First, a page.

At the time, I worked as a resident at a hospital in Botswana. This woman had tried to end her pregnancy with a "coat hanger abortion" — in her case, by placing sticks through her vagina into her uterus. She was pronounced dead on arrival to the hospital. She was 22 years old. She died because she lived in a country where safe and legal abortion did not exist.
I'm a Catholic obstetrician who had an abortion. This is not politics or religion. It's life.
Rebecca Luckett, Opinion contributor
March 27, 2018
My job is to take care of women. As an obstetrician-gynecologist working in Botswana, I see women through the highs and lows of their reproductive lives. Until last year, I personally had only experienced the highs. In 2015, I gave birth to a perfect baby at the right time in my life given my values and goals. A few years later, when I was ready, I got pregnant with my second child.
Last August, I went for my 20-week ultrasound, expecting to find out if number two was a boy or a girl. Instead, I looked to the monitor and found a fetus struggling to survive in my womb. I’m used to being on the other side of that ultrasound probe, so I knew what was next. I would have said the same thing: “The baby can’t survive. And you can get very sick.”
Trump-Pence Administration’s Neocolonial Assault on Reproductive Freedom Is Killing African Women and Girls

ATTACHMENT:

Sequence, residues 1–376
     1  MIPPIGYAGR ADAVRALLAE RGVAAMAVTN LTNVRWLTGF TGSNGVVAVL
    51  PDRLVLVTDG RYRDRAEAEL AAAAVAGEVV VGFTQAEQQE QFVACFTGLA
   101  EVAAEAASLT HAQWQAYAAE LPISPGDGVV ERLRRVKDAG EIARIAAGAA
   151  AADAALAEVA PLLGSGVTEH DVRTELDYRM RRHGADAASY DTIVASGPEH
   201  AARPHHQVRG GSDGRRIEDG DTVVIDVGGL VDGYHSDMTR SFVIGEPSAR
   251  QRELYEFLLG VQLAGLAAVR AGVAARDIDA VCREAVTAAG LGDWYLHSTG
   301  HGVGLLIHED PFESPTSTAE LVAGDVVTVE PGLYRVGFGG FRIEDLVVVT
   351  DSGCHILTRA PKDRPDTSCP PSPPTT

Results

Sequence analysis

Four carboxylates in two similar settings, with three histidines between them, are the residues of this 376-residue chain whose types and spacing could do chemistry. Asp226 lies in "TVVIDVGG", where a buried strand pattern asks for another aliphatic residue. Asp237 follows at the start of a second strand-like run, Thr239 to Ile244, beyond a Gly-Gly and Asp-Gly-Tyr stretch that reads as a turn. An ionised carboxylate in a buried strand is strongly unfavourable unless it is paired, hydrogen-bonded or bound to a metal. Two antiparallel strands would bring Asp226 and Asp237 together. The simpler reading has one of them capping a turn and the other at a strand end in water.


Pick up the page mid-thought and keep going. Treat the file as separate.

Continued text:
Jan 23, 2018
As advocates and researchers have seen, it is African women and girls who are suffering because of the United States’ interference with reproductive autonomy globally.
Just three days after his inauguration, President Donald Trump issued a memorandum to reinstate and expand the “global gag rule,” a Reagan-era, anti-abortion, foreign policy directive, with the backing of Vice President Mike Pence. Because of this policy, any nongovernmental organization (NGO) outside of the United States that provides abortion procedures, participates in pro-choice advocacy, supplies information about abortion, or offers referrals to abortion providers has been forced to choose between forfeiting U.S. foreign assistance funding or ceasing to provide the basic reproductive health services that its patients need.
The global gag rule, also known as the “Mexico City Policy,” goes beyond just blocking U.S. funding for critical reproductive health services. A Center for Health and Gender Equity (CHANGE) research report notes that this policy also restricts what groups receiving U.S. funds can do with money from all other sources; organizations must subject all their funds to the same restrictions or lose U.S. funding.
Trump's global gag rule goes far beyond abortion, groups say
The Associated Press
January 23, 2018
JOHANNESBURG — President Donald Trump’s dramatic expansion of a ban on U.S. funding to foreign organizations that promote or provide abortions has left impoverished women around the world without treatment for HIV, malaria and other diseases, health groups say, calling it “devastating” because Trump went where no administration had gone before.
Trump in his first working day in office revived the so-called global gag rule. He expanded on previous versions so that for the first time foreign NGOs that even discuss abortion as an option are barred not only from about $575 million in U.S. family planning funds but also an estimated $8.8 billion in U.S. global health aid. And they must certify that none of their non-U.S. funding goes for abortion-related activities.